Get ready to be told the following. “Your photos are so colorful. Your camera takes such good pictures!” When you hear these words, don’t say a word. Just shrug your shoulders and let them think what they want to think. Cameras have gotten better over the years, but they aren’t the reason some photos have vibrant colors while others don’t.
So far, we've had a few tutorials on color, its importance, and how to get the most out of your less colorful shots. The aim of this next article is to bring all of this knowledge together to build upon what we know about color and take it to the next level. Understanding color is absolutely essential to becoming a great digital photographer. It is one of the first steps toward consistently creating photos that amaze you, your friends, and perhaps even the photography community itself.
The most important thing about understanding color is knowing how to find it. As you are no doubt aware, not everything in life is colorful. On gray days, brightly colored things just aren't as bright, and everything seems to blend together in one very blasé and usually pretty dull image. At other times, the sun's light is so strong and harsh that it effectively neutralizes any color in the scene, resulting in washed out and equally dull images.
Color. It’s all in your head.
To make things more complicated, our perception of color is completely dependent on the scene in front of us. It is relative to other colors present. While a tree might look a vibrant green to you while you are looking at it, a picture of the tree somehow seems to lack the same punch. Why is that? It is because, even when you are looking directly at the tree, you still see other differently colored objects in your peripheral vision.
Color isn't color. It is the perception of color. To create color in your images, you need to create color contrast. You need to find things that, when framed correctly, clash in the right way. Even on a gloomy day, you can still find brightly colored things to set against the otherwise gray backdrop. Have a look at this image of an old snow groomer. Even though it was a gloomy day, this photo still has a lot of color in the right places.
On the whole, this image isn't extremely colorful. But it certainly isn't dull either. Because the bright red snow groomer stands out on its own, it adds a lot more color to the photo as a whole. A lot of the time, color contrast is the result of creating contrast in general, which amounts to isolating your subject and drawing attention to it. If you want to add color to your photos, find a colorful subject and frame the shot in such a way as to draw attention to it.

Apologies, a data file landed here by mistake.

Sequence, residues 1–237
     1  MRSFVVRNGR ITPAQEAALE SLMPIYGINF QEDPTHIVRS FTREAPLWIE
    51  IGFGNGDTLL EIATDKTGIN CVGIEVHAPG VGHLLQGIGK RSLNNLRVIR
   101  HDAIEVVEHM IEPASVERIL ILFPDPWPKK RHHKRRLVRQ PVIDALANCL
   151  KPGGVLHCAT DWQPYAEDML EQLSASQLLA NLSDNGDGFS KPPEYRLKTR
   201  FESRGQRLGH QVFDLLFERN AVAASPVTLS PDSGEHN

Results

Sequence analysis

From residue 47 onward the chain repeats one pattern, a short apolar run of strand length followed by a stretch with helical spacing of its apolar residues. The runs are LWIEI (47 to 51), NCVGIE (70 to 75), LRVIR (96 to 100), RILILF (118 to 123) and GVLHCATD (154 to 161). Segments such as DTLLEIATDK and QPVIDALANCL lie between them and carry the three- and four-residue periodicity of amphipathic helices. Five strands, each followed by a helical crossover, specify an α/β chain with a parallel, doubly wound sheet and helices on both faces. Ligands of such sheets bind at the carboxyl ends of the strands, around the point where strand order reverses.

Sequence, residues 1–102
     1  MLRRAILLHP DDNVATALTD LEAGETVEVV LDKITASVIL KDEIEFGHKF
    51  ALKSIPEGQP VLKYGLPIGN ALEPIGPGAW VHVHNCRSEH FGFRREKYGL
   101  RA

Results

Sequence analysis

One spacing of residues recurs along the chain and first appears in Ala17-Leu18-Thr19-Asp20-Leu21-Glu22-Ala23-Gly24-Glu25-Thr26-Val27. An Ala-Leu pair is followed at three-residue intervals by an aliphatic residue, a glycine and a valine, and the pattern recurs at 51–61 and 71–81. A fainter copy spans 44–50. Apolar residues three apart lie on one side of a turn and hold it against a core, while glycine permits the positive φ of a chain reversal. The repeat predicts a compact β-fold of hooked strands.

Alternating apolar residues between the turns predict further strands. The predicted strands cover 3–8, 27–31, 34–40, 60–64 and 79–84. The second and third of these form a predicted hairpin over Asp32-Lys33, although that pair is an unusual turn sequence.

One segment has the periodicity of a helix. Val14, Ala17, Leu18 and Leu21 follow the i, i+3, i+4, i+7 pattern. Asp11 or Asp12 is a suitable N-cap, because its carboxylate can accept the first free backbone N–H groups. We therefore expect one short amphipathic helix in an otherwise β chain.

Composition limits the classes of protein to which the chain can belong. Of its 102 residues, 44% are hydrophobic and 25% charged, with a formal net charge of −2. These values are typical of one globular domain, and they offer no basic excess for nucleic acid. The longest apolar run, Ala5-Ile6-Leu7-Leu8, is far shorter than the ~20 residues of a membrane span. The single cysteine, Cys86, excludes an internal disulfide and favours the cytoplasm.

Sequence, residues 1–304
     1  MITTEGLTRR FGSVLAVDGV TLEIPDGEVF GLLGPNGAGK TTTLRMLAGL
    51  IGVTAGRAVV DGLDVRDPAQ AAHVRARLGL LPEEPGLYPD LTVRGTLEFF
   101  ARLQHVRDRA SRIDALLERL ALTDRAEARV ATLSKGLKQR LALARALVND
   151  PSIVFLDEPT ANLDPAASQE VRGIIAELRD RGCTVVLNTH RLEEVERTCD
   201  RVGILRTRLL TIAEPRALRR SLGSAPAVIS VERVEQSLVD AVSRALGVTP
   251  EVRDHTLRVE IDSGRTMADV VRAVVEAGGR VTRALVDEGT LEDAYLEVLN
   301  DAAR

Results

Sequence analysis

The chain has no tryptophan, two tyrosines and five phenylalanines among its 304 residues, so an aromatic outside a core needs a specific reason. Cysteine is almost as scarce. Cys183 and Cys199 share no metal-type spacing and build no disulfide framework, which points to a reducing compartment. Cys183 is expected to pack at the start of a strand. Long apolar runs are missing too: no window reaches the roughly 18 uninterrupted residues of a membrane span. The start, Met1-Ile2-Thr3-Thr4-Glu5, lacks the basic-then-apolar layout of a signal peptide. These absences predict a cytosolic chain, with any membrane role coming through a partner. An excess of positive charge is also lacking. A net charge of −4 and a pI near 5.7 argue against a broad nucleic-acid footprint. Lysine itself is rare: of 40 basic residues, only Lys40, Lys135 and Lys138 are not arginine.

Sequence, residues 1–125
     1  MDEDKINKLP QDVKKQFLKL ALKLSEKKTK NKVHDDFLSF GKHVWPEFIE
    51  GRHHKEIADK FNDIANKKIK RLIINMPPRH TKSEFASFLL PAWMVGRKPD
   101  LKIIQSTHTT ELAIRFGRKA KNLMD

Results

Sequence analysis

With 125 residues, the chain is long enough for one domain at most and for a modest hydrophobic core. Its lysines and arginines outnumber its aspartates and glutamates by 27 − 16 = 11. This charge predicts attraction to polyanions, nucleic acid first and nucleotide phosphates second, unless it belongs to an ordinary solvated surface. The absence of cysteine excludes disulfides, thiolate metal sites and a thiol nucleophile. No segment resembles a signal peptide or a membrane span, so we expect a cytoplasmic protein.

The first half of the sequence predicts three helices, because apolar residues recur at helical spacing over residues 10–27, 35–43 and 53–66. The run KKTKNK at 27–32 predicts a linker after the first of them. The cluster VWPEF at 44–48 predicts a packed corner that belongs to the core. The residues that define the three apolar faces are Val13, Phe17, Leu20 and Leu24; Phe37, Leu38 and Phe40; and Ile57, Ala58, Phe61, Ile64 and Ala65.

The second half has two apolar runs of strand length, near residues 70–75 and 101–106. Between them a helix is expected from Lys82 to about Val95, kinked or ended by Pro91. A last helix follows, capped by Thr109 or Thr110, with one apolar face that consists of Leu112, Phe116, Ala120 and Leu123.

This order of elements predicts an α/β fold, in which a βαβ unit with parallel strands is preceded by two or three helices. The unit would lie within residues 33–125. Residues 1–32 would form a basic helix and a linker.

The Most Colorful Times Of The Day (And Night)
Sometimes it isn't even about finding brightly colored things that add contrast, but going out during the times of the day when the natural color contrast is high. This is yet another reason why so many photographers love to go out in the early morning and twilight hours. The sun's light gives the clouds and the ground a yellow tinge that makes everything magically appear more colorful. Shadows are very pronounced at this time, much more than any other. If you use this to your advantage, it can be a very good thing.
Nighttime is underrated in photography. It is one of the most colorful times there is. The hard part is taking advantage of it. You will need a decent tripod and a willingness to experiment a little with different settings and shutter speeds. Go out and find some bright lights. Setup your tripod and frame them in the shot while trying to include passing cars and other lights.
The longer you keep your shutter open, the brighter the lights will be. This is yet another area in photography where you can never be totally certain which settings work the best. Play around with different shutter speeds until you find one that gives you the right brightness and color. If you get them right these kinds of photos will really pop, and they’ll impress your friends!
The number one reason most amateurs don’t take colorful photos
Here’s another tip that I’ve found to be very useful in getting more color in my shots while shooting in manual mode. Try taking a few photos with a faster shutter speed every time you go out to do a shoot. A lot of beginning photographers don’t know that they are overexposing their photos. When you bump the shutter speed up a few notches, it results in photos that are a little darker but generally more colorful.
Sometimes it’s good to trade brightness for color. Sometimes it isn’t. You should always have a variety of different exposures for every kind of photo you want to take. Your camera’s light meter is sophisticated, but it doesn’t meter the scene perfectly every time. By taking a variety of exposures at different shutter speeds, you give yourself a buffer against your camera’s somewhat error prone light meter. This allows you to pick the most colorful exposures every time.
Remember, color is the perception of color. If you focus on creating color contrast and take advantage of the most colorful times of day (and night), you will take colorful photos every time you go out.
I want to see how you are making your photos more colorful. Are you finding colorful subjects that stand out against an otherwise bland backdrop, or are you taking advantage of the most colorful times of they day? Do you notice a difference when you increase your shutter speed just a little bit? Let me know and send me your photos. I’m exciting to see what you are up to.
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